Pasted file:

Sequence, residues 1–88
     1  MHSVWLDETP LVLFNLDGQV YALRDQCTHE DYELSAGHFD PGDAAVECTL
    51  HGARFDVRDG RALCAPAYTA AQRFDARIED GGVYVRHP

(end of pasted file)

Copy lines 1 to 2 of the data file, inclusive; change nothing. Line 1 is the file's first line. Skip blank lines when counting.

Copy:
Sequence, residues 1–88
     1  MHSVWLDETP LVLFNLDGQV YALRDQCTHE DYELSAGHFD PGDAAVECTL